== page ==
Sunday 2014-02-09

Swarmwise by Rick Falkvinge

Falkvinge introduces the Pirate Party and how they focused on owning their core issues in the media. I.e. whenever someone in the media needed a blurb on something the Pirate Party deeply cared about, the Pirate Party happily delivered exclusive (until it went o press), timely, and provocative quotes.

Getting a press release out in thirty minutes is hard, but completely doable
For transmission to reporters, we use a regular WordPress blog, as people are often familiar with posting articles in WordPress. A special tool picked up anything new posted and mailed it to a long list of reporters, as filtered by the categories set on the article in WordPress

However, in a swarm organization, the organizational culture cannot be communicated from person to person as the organization grows — it must be actively communicated centrally, and repeatedly communicated as new people keep joining
We make decisions by ourselves; we have standalone decision makers. You are one of them. Also, we avoid voting to the extreme and only use it as a very last resort: voting creates losers
We reward with attention. Every behavior that gets attention in an organization is reinforced. Therefore, we focus and give attention to good behavior, and, as far as possible, we completely ignore bad behavior. We praise the good and ignore the bad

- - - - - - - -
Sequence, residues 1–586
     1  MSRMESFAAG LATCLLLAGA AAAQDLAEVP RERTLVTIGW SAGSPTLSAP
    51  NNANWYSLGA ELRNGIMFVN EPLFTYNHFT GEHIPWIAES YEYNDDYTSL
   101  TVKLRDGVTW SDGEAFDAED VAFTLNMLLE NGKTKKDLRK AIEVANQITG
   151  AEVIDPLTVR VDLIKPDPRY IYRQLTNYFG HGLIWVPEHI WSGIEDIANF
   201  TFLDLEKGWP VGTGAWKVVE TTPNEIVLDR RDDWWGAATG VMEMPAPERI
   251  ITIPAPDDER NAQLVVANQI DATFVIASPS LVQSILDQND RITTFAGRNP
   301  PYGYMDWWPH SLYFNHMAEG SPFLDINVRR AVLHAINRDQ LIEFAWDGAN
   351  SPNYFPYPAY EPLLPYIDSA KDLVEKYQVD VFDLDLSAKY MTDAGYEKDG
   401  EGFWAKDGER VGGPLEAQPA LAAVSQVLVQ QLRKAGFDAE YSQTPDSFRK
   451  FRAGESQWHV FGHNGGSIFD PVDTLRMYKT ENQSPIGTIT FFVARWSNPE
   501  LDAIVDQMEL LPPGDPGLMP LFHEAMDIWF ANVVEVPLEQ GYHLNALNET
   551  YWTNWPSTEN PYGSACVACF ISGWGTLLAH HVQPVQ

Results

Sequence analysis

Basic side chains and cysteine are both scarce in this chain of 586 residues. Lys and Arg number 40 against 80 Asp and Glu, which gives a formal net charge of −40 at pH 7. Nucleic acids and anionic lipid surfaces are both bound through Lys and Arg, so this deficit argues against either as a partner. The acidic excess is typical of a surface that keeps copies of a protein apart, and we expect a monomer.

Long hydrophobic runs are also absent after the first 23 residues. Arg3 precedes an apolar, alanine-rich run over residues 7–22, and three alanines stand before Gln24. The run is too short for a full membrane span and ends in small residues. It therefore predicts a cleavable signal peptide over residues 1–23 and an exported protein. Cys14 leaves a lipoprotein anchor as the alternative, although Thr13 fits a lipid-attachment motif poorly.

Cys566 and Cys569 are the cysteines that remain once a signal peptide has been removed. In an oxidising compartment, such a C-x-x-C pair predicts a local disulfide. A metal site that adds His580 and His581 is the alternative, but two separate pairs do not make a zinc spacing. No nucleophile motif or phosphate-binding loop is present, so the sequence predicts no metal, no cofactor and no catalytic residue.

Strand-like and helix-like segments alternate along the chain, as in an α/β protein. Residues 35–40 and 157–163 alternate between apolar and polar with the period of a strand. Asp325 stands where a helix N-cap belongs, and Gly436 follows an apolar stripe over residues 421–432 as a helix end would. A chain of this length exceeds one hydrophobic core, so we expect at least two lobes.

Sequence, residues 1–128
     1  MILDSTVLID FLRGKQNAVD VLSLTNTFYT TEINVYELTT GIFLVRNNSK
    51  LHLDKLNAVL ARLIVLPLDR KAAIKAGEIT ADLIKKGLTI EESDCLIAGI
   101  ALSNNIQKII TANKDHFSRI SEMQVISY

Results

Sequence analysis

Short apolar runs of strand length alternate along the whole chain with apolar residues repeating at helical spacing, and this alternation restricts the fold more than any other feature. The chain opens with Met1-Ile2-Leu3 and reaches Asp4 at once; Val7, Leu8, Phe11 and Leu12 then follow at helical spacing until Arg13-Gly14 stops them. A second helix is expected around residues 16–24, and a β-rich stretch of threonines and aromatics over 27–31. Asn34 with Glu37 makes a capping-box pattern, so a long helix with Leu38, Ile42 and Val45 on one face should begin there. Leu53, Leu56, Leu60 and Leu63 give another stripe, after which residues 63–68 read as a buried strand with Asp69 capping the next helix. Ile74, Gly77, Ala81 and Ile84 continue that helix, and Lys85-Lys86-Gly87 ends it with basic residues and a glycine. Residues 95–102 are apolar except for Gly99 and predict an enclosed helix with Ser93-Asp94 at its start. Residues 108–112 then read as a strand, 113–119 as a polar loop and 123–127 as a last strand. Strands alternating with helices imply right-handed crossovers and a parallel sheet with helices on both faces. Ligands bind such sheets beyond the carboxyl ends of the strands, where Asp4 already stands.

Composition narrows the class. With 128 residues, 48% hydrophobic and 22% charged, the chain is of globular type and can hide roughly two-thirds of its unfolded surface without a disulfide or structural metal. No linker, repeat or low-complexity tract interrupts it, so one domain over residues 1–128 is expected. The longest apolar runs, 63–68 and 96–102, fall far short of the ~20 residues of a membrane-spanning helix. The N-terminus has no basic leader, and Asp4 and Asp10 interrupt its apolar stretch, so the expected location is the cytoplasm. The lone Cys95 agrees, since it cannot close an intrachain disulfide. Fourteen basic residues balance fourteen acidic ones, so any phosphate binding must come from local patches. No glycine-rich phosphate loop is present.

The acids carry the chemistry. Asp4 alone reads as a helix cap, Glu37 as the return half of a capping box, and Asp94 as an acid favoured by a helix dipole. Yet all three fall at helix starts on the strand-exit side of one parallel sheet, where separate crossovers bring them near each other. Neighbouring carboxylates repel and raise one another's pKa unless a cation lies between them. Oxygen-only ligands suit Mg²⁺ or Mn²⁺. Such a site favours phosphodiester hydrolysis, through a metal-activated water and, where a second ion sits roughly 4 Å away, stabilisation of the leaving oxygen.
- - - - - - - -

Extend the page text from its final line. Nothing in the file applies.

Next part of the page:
Every single challenger party I spoke to that had failed pointed out the creation of several parallel organizations with their own legal identity as the one reason, or one of the primary reasons, that the party had failed
search across blog networks and Twitter for the swarm’s name and your own name, and go to those bookmarks once or
getting TV time is usually as easy as walking up to the TV crews, introducing yourself, handing over a business card, and saying, “If you’d like me to comment on what’s happening here, I’d be happy to do so.” Don’t be any kind of pushy — media crews hate that — but be friendly and simply tell them that you’re here and available. More often than not, they’ll jump at the opportunity of getting your comment right away. After all, it’s much-better-spent time for them to get your comments than just wait around and get absolutely nothing produced. The win for you, obviously, is that your comment goes to the cutting board of the TV evening news — and more often than not, a comment of yours makes it to the broadcast, just from you walking up to the TV crews and saying hi.